- Electropalatography (EPG)—a computer-based technique for training correct oral articulation placements; EPG provides a visual feedback display of the tongue's contact with the hard palate during speech (Lee, Law, & Gibbon, 2009).
See Kummer (2014b) for a description of various technologies used in speech therapy for cleft-type speech errors.
Delays in the onset of babbling and the lack of diversity in consonant production during the prelinguistic period have been linked to delays in speech and language development (Stoel-Gammon, 1994). Early speech and language intervention can lessen the impact of these factors on the development of communication skills in infants and toddlers (see, e.g., Scherer, 1999; Scherer & Kaiser, 2007).
The most important goal of early intervention for babies and toddlers with cleft lip and palate is to help them develop oral speech by increasing consonant inventory, increasing expressive vocabulary, and teaching oral airflow for early emerging fricatives (e.g., /h/; Hardin-Jones, Chapman, & Scherer, 2006; Trost-Cardamone, 2013).
Parent education and training are essential in early intervention. SLPs counsel parents about the expected impact of clefting on speech and encourage parents to foster good communication skills in their babies (Peterson-Falzone et al., 2010). Parent-implemented early intervention programs have been shown to facilitate speech and language development in young children with cleft palate (e.g., Scherer, 2003; Scherer, D'Antonio, & McGahey, 2008).
SLPs play a role by teaching parents
- how to engage in vocal play with their children before surgery;
- how not to reinforce compensatory productions (e.g., laryngeal growls and nasal fricatives); and
- how to provide intensive language stimulation (Golding-Kushner, 2001; Hardin-Jones, Chapman, & Scherer, 2015; Kummer, 2014b; Scherer, 2017; Trost-Cardamone, 2013).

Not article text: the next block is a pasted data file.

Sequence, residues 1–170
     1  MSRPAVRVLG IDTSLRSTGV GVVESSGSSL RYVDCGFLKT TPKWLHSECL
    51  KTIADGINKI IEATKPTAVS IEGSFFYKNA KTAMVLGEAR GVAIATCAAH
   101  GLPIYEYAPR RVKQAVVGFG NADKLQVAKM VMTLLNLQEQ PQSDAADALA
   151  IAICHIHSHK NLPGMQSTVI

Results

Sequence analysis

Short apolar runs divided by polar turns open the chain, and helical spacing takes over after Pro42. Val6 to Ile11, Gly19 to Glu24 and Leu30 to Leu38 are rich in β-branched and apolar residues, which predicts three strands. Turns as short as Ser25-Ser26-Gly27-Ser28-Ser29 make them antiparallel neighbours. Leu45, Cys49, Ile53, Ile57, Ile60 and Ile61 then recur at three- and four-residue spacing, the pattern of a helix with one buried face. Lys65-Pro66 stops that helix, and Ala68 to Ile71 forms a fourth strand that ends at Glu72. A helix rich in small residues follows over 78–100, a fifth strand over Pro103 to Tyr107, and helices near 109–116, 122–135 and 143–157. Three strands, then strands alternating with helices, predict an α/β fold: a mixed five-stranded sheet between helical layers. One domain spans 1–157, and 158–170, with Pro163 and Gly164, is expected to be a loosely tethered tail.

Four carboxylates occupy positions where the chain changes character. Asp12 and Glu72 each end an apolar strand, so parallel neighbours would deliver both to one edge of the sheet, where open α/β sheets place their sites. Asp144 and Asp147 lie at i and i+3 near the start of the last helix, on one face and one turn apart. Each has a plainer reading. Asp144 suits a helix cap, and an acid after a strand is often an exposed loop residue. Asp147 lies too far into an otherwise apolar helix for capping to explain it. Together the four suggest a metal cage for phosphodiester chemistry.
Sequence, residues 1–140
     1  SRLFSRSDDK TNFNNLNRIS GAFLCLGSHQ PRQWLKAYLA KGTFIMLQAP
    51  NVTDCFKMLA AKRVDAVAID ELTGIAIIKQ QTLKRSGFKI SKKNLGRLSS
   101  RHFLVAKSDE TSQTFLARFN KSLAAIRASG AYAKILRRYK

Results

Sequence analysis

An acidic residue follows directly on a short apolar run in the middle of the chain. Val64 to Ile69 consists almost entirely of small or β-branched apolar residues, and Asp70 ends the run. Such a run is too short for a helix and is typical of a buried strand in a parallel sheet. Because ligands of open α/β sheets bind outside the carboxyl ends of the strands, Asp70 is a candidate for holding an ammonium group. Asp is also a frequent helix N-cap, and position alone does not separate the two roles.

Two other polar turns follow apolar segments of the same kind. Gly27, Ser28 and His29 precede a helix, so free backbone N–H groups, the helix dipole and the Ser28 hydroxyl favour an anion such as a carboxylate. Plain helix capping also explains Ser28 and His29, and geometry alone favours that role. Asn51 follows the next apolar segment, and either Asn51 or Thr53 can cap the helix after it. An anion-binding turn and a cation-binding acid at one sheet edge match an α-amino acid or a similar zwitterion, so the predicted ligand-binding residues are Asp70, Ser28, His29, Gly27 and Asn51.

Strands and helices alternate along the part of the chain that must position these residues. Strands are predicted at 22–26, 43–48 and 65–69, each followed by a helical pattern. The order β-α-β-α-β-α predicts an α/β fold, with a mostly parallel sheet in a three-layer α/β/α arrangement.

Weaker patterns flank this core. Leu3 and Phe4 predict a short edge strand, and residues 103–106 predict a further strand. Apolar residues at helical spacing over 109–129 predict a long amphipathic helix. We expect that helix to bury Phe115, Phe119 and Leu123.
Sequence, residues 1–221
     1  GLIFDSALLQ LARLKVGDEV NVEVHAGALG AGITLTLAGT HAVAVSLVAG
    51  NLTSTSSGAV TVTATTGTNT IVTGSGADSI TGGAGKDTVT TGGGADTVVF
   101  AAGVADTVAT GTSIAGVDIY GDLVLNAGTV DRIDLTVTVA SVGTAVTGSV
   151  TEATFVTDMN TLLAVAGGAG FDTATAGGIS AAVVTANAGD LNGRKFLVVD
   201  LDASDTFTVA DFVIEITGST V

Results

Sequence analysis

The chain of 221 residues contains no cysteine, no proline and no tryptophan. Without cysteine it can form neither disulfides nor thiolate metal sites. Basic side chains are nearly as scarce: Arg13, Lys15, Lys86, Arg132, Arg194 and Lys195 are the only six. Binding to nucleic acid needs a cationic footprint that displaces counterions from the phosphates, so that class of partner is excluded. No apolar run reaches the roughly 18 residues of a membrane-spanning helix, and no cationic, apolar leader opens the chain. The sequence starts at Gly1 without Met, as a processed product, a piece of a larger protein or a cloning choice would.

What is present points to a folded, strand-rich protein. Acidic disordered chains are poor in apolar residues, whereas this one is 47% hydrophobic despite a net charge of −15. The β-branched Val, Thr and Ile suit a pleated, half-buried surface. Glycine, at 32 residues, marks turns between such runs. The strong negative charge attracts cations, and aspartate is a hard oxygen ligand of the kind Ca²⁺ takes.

Prior to Palatal Repair
Prior to palatal repair, goals include the following:
- Using vocal play activities to stimulate production of speech sounds least affected by the cleft (e.g., nasals, glides, glottal fricative /h/, and vowels) by
- modeling varied sounds and encouraging imitation of sounds as well as lip, tongue, and facial movements and
- reinforcing attempts to produce oral stop consonants and ignoring any obligatory nasal emissions.
- Modeling alternatives for compensatory productions (e.g., "no no" instead of "uh uh").
After Palatal Repair
After palatal repair, goals include the following:
- Using sound play and early word productions to increase variety of vocalization.
- Increasing consonant inventories, especially oral pressure consonants.
- Increasing communication opportunities.
- Increasing vocabulary, with a focus on functional words.
- Increasing awareness of oral airflow for speech.
- Monitoring persistent nasal substitutions and glottal stops.
- If present after surgery, this might indicate learned behaviors (emerging compensatory misarticulations) despite a potentially adequate VP mechanism.